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There are a lot of handle choices for each knife. Some work better on another. There is a preference from chef to chef and person to person. The handle choices are endless, but the most common handle designs are the standard western handle and the standard Chinese and Japanese handles.
Before deciding what handle is the best, you need to figure out your primary gripping style. Is it a pinch grip at the handle or the blade? A fingertip or a thumb grip?
I can recommend the following universal handle that suits most gripping styles.
The Octagonal and D shape handle for Japanese knives.
Oval-shaped and round handles.
A standard western handle will work for all gripping styles, depending on the knife design.
More manufacturers are making custom handles which only suit one gripping style. The Global Sai series is an excellent example of a forced pinch grip at the intended handle design for your thumb.
Note: I recommend the following gripping style for the Western Chef’s knife: the pinch grip. Since the overall blade design is suitable for a pinch grip, especially with the rocking motion from western cuisines, a fingertip grip is only recommended for slicing motions and less dense food. If you use a fingertip grip for a lot of chopping, you will put a lot of strain on your finger. Many Japanese chefs use the fingertip grip, especially sushi chefs, because they mainly slice instead of continuous chopping. I recommend constantly adjusting your gripping style depending on the situation and food. And that is why I don’t recommend handles with a forced gripping position.
The perfect Balance point
You often see people swearing that their knife and brand that they have has the best balance point. However, the balance point and where you want it differs from person to person. Your knife style, usage, and gripping preference determine where you want the balance to be for you.
There is no such thing as one knife that is perfectly balanced for everyone. I have a different balance point preference for specific knife styles.ChefPanko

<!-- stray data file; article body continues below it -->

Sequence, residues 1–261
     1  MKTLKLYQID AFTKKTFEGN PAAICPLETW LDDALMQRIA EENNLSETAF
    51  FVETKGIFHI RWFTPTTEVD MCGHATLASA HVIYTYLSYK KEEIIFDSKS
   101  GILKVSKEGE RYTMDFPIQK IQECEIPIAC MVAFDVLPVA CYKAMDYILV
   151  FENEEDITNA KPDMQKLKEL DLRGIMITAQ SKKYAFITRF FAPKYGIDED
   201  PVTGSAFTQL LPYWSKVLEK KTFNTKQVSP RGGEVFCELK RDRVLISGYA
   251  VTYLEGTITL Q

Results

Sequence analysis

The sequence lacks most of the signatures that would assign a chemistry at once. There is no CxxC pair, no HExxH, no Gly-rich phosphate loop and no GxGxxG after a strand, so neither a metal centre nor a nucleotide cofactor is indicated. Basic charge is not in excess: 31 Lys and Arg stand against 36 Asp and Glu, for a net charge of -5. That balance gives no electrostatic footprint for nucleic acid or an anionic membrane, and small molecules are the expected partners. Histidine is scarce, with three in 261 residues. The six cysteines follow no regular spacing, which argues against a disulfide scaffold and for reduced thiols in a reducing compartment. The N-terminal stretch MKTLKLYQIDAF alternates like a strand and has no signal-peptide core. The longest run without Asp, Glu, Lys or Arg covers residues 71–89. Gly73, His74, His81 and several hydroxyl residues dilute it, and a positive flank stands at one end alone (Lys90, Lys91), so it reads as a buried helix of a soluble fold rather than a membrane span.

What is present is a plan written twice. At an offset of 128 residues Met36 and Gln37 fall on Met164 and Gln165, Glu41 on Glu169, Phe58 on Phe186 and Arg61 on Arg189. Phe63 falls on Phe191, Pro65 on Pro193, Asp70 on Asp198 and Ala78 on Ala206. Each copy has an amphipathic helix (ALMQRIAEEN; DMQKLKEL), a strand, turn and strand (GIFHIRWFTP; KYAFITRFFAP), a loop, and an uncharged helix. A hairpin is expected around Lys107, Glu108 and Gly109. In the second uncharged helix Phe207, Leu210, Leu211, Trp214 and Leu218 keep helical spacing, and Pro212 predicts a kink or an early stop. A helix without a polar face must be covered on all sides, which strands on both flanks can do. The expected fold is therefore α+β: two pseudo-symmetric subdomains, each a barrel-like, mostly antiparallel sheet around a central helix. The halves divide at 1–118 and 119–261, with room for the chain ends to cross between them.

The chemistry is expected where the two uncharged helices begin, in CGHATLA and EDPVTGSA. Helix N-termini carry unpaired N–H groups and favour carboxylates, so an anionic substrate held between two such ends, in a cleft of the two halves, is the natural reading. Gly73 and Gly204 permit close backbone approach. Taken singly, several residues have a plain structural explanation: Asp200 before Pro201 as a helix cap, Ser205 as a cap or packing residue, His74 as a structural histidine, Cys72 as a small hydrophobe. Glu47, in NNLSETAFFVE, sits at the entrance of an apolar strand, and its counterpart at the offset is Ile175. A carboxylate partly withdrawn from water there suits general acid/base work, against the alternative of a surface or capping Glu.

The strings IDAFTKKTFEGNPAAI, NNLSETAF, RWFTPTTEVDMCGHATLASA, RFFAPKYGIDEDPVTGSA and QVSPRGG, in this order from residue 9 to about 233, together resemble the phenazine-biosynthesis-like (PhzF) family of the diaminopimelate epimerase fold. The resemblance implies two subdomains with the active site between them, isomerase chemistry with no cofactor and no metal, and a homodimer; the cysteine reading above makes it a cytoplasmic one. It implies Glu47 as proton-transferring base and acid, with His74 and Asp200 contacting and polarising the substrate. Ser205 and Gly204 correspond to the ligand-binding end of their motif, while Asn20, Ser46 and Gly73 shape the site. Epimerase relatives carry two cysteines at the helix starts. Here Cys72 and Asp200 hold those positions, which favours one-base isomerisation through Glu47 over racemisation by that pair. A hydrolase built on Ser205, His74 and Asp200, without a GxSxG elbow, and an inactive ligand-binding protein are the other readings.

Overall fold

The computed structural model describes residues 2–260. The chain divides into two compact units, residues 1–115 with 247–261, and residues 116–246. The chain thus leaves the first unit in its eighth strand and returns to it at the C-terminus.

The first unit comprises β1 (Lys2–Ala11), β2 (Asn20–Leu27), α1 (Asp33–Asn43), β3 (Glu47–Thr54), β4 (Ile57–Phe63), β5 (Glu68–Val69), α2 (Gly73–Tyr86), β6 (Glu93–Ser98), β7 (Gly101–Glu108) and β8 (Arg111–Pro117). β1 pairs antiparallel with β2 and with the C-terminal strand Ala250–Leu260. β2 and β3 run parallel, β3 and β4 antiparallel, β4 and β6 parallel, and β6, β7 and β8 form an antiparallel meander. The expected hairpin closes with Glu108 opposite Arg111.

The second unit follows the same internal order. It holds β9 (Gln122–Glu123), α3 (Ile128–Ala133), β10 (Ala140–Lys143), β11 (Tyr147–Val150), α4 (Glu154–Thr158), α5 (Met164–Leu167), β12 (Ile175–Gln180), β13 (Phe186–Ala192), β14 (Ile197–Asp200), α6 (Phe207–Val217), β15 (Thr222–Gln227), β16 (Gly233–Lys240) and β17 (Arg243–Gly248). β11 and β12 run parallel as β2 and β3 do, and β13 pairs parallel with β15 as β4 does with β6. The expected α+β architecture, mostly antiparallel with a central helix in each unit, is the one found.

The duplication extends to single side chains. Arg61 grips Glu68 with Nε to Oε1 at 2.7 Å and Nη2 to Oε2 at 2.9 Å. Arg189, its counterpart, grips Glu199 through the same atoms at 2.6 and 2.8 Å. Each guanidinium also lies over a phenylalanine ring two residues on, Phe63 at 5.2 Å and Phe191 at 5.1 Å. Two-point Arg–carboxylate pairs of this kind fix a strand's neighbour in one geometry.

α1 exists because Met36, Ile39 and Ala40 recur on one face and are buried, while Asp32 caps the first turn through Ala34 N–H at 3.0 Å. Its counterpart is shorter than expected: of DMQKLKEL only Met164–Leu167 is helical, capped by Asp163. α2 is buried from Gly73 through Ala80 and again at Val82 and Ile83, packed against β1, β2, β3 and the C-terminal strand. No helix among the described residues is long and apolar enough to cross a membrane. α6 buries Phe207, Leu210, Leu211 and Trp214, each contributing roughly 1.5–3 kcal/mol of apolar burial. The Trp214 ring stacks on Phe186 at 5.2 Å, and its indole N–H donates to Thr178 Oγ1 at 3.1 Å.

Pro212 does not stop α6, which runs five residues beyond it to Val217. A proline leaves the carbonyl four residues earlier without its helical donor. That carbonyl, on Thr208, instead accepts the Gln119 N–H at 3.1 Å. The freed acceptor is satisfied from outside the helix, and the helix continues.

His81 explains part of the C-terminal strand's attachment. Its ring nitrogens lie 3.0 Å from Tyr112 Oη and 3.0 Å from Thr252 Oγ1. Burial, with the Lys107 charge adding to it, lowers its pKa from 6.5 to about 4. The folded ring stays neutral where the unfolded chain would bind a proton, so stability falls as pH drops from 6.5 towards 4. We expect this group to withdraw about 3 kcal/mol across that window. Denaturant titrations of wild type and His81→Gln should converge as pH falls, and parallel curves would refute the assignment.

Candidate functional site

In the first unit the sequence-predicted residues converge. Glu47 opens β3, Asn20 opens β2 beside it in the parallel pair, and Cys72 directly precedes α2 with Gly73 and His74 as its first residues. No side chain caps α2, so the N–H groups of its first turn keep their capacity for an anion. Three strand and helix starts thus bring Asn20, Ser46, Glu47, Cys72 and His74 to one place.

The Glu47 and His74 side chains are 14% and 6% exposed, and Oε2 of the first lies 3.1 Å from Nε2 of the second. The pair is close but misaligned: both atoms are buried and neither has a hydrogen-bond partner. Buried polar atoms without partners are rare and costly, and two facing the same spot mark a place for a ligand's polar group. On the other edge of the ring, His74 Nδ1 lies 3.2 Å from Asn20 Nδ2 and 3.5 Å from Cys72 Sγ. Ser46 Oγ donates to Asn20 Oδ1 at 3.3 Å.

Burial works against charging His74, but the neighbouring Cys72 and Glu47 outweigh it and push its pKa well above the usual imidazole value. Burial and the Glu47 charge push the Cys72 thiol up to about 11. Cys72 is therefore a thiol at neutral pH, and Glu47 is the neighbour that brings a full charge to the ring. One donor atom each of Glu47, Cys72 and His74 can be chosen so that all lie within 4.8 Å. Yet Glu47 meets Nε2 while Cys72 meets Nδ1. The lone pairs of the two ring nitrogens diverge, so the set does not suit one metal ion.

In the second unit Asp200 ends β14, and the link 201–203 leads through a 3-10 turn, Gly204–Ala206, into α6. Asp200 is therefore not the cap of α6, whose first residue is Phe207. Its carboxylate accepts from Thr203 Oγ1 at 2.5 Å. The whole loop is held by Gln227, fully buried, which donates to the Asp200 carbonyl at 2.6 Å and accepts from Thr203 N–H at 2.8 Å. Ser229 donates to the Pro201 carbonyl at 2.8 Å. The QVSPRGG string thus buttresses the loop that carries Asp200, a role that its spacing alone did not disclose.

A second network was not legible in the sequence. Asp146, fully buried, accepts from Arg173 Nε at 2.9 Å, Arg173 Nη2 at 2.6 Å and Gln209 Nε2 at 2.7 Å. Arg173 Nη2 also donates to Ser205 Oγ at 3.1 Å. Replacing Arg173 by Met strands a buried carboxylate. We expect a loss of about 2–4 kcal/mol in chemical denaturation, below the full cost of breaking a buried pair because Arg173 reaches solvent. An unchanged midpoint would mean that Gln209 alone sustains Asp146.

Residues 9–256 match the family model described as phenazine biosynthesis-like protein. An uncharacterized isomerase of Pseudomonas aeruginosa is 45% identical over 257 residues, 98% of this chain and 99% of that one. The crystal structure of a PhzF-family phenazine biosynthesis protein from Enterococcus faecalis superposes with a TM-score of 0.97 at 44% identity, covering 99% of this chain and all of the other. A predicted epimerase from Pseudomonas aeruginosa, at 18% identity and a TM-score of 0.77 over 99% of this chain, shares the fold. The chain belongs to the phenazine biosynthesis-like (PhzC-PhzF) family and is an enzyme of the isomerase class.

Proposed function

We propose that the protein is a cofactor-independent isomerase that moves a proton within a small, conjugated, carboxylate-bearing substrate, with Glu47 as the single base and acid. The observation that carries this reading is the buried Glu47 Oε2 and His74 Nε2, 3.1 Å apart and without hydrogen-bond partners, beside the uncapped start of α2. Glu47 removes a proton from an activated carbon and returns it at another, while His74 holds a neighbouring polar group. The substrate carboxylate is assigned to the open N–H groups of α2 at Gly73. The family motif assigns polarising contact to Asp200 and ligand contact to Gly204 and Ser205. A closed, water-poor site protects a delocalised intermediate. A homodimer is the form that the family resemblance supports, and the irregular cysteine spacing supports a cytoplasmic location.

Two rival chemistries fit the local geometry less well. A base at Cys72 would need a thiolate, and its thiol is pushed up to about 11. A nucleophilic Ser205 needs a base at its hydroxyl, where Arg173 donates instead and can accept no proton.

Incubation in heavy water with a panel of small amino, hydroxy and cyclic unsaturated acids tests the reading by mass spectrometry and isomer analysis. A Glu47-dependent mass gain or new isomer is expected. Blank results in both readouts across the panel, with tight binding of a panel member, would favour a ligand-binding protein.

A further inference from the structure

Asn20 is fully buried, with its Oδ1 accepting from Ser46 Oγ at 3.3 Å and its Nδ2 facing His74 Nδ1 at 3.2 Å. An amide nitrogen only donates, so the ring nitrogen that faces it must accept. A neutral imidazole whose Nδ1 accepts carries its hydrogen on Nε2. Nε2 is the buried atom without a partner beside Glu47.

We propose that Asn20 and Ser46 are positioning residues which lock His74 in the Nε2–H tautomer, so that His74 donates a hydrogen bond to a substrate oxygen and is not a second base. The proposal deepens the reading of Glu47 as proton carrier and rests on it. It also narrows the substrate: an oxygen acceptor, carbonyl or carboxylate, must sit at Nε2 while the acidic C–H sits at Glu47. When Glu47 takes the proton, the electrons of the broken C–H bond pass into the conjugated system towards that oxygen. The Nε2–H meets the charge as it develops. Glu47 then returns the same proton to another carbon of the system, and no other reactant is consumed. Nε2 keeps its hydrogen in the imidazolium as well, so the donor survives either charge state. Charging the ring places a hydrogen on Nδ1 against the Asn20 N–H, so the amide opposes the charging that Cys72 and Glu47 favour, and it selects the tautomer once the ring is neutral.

The point where you naturally hold/grip the knife is how I determine the balance point. From there on, you can determine if it is front, back, or middle balanced based on your preferred gripping style and where you hold the knife.
Giving you the following:
- Pinch grip: Thumb and Index finger determine the balance.
- Thumb grip: where the knife rest at the Index finger determines the balance.
- The fingertip grip: thumb and middle finger determine the balance.
The following factor of where you want the balance point is more critical for cooks at work since they prep for hours doing the same task for 1 to 2 hours with the same knife.
Examples for my preference:
- Yanagiba: Slicing towards yourself, front heavy.
- Western Chef Knife: Back heavy, middle balance is okay. (I prefer Back)
- Gyuto: Mainly slicing in Japanese cuisine, front or middle balance is oke. (I prefer Middle)
- Santoku: up and forward motion (I prefer it in the Middle).
- Nakiri: middle/front balance (I prefer front heavy).
- Paring knife: Since it is used off the cutting board and in the air. I want a back-heavy balance (handle heavy).
- Utility knife: Middle or front (you are still on the cutting board, unlike the paring knife).
- Boning knife: depends on what you debone if it is a chicken. I prefer middle/front (Japanese style Honesuki).
- But with a boning knife, I would prefer a knife with a wider comfortable balance zone. Like with the chicken, the front/Middle balance is my preference. I prefer a back/middle balance zone when making a lamb rack. (so, by a simple handle grip, switch the balance shift with you). I call it a ”wider balance zone.”
And once you know the knife style and what you intend to use it on, you can decide what balance point you would personally prefer based on your gripping style and usage. For boning knives, we use them on and off the cutting board when we are maneuvering around the meat, so a wider balance zone is preferable unless you want something specific.
You can leave your questions in the comment section below.
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